H 1, y of toIdmesa m= nat Ja *.
. II.mo Feotlim .t em t op a- "mg sM l wltiw t
system interactions, including increased labor scarcity in the
early stages of the first crop cycle, a lower dependence on maize
as a starch staple, etc. In so far as they affect technology
adoption, these interactions will be pointed out again where
relevant in the sections on diagnosis.
Table 1. Major crop production systems in Malang district
System Land Soils Cropping Altitude Physical Ar--
No. type Pattern (+ aeter) (%)
1. tegal limestone cassava +
-legume) <- 600 43
2. tegal young maize- 400-700 37
3. sawah alluvial transplanted
& young rice-maize
volcanic 400-700 15
4. tegal young maize and
& volcanic tural crops
ash 400-1500 5
Apart from this, the farmers in the study area confront
reasonably similar circumstances, problems and opportunities and
for most purposes (but not all) would likely use similar kinds of
2.2 Physical Conditions
Climate: The average rainfall in the study area amounts to
2130 -m per annum with 5 to 6 wet months (over 200 ma rain/month)
and 2-4 dry months (less than 100 of rain/month). The average
temperature is 24 centigrade with average minimum of 18.6 and
maximum of 25.7 centigrade. The relative humidity ranges from 77
to 85 %. A monthly rainfall distribution is not shown here
because of space limitations.
Soils: The main soil categories in the Malang district
consist of: young volcanic soils (36 %), volcanic ash (18 %),
limestone and lithosoils (37 %) and alluvial (9 %). The study
area focuses on the young volcanic soils which consist of
latosols (60 %), regosols (26 %) and other soil types (14 %).
All of these soils, including the latosols, are known to be
generally deficient in organic material and in P, and are often
deficient in other plant nutrients (K, 3, Mg, etc.) as well.
-2.3 Economic Circumstances
There are a number of socio-economic circumstances that
influence farmer decision-making in the Malang study area. Of
interest are input markets, government price policy for inputs,
marketing, and consumption patterns and taste preferences. Given
the predominant position of maize in the crop production system,
economic circumstances that affect maize are highlighted.
Input markets: Input markets in the Malang area operate
reasonably well. Fertilizer and pesticides are readily available
at highly subsidized prices. For example, a farmer in Malang can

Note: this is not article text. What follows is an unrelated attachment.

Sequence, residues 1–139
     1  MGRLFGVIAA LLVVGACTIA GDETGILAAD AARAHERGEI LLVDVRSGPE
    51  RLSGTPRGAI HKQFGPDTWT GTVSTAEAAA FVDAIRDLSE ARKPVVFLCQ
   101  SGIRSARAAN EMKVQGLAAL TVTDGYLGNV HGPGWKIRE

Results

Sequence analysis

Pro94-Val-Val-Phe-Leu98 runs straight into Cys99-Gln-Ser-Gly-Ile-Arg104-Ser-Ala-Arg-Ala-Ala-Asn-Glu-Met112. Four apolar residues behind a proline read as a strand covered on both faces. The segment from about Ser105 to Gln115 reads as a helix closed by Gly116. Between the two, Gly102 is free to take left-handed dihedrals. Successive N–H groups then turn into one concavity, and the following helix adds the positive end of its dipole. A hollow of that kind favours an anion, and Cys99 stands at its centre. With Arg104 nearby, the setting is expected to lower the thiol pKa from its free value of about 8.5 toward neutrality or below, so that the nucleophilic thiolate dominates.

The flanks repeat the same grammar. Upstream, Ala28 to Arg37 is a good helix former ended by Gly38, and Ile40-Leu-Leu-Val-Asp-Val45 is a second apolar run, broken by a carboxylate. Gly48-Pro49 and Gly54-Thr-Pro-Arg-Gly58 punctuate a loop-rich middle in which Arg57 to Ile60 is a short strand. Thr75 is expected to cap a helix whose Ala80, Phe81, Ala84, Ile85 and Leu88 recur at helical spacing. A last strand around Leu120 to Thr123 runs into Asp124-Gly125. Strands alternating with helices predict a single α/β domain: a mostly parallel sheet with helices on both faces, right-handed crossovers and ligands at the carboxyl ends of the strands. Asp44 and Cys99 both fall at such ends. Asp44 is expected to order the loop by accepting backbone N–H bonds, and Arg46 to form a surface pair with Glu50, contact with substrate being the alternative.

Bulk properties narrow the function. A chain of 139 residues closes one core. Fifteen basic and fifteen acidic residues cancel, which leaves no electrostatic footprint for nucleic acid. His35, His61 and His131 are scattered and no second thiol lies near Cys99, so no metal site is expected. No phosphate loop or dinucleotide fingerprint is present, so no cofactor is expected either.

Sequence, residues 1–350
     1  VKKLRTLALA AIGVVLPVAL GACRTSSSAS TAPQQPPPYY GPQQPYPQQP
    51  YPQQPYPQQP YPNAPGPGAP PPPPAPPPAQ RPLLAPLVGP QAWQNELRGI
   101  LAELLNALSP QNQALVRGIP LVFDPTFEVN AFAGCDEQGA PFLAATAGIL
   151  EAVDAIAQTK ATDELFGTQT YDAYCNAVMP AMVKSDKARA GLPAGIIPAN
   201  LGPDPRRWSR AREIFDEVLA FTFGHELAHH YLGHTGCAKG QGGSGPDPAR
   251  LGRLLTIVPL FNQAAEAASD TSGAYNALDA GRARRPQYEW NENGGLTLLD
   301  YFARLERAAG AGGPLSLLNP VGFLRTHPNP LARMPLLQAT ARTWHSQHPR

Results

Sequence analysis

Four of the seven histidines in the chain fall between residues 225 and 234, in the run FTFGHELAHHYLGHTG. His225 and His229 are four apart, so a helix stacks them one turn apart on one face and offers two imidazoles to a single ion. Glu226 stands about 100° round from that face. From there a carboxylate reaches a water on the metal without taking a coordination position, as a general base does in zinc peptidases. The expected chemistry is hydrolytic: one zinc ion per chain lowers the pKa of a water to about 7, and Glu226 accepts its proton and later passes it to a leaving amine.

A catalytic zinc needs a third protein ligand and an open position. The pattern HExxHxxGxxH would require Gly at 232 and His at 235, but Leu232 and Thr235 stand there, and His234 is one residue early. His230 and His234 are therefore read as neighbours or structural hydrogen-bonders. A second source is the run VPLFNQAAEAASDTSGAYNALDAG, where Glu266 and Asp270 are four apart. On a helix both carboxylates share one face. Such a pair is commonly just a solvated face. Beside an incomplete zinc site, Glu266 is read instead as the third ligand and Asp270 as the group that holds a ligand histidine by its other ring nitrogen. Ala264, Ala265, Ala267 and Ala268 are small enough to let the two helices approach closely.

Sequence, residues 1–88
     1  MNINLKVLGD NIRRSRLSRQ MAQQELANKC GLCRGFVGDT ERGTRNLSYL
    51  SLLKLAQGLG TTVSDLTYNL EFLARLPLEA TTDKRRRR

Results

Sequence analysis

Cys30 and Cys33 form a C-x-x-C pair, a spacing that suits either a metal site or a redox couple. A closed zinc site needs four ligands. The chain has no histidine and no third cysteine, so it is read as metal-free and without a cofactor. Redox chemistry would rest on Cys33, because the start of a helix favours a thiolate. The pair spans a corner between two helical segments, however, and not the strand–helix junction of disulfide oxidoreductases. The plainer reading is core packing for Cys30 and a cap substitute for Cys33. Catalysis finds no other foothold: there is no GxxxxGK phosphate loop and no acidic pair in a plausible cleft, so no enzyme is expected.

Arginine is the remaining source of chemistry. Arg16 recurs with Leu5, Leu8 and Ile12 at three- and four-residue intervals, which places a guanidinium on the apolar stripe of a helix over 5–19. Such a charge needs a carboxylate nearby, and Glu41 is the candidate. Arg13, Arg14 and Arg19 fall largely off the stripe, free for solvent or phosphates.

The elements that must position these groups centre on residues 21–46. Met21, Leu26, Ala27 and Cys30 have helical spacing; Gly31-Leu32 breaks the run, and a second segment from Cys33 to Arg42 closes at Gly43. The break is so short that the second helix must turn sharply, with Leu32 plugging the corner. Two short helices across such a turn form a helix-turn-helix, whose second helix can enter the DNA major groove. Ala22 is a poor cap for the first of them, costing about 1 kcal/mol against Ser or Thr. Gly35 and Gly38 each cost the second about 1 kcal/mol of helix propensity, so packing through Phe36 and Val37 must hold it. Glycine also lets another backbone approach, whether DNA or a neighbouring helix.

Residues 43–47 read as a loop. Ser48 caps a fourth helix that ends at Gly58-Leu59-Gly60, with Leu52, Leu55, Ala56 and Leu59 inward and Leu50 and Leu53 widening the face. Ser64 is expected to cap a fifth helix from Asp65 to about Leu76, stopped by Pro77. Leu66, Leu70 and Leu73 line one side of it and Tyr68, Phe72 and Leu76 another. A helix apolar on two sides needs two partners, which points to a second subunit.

buy one kg of nitrogen in the most readily available form (urea)
in exchange for only 2 kg of maize. In contrast, a farmer in
Thailand can buy one kg of nitrogen in the most readily available
form (21-0-0) in exchange for 9.5 kg of maize. In the past,
improved maize seed was not readily available to farmers in the
study area. This situation has improved considerably since 1983,
when government policy was changed to encourage private firms to
participate in seed production and marketing. Currently, two
hybrids and one variety (Arjuna) are commercially available.
Other input markets (labor, animal traction, etc.) are reasonably
Marketing: The marketing of maize for cash sale is largely
in the hands of private traders, who compete to purchase maize in
order to meet the rapidly expanding demand for maize by feed-
mills in Surabaya. Other maize is marketed through the government
marketing agency (BULOG).
Consumption patterns and taste preferences: Maize
production in Malang has two major end uses: it is a major
starch staple (especially for low income producers) as well as an
important source of cash. About 70 % of the maize that is
produced is used for direct human consumption. Maize is the main
non-rice starch staple in all of East Java. In the study area,
many farm families consume more maize than rice. The importance
of maize as a starch staple raises some concern about cooking and
taste preferences, and how these might effect farmer adoption of
new varieties. In East Java, farmers prefer yellow varieties.
Both traditional and improved varieties, such as Arjuna and the
Cargill C-1 Hybrid, have a yellow grain colour. There are
reports, however, that Arjuna may be somewhat-more difficult to
crack than other varieties for the preparation of local dishes.
These dishes rely on the boiling of maize cracked to resemble
2.4 Crop-livestock interactions
Crop-livestock interactions in the study area take three
1. Cattle provide draft power, for land preparation and weeding
2. Cattle manure is applied as fertilizer to selected fields
3. Maize thinning serve as one source of livestock feed.
Manure: In any given year, about half of the farmers apply
manure to their maize fields. This takes place before the first
plowing for the rainy season crop. Those farmers who do not apply
manure tend to be those without livestock, or those who use the
manure for higher-valued crops. At least once every few years
nearly all fields used for maize cropping receive manure. Manure
use is of interest because of reports of P, K, S and other soil
Fodder: It should be noted that maize thinning do not seem
to be an important source of cattle fodder. Other fodder sources
(including grass and weeds) are reported to be more important,
even in the maize season. Furthermore, all farmers with
livestock report having adequate fodder, even in the absence- of ,
maize thinnings. Many farmers who thin their maize and own
livestock do not even bother to use the thinning as fodder.
2.5 Maize production practices in the study area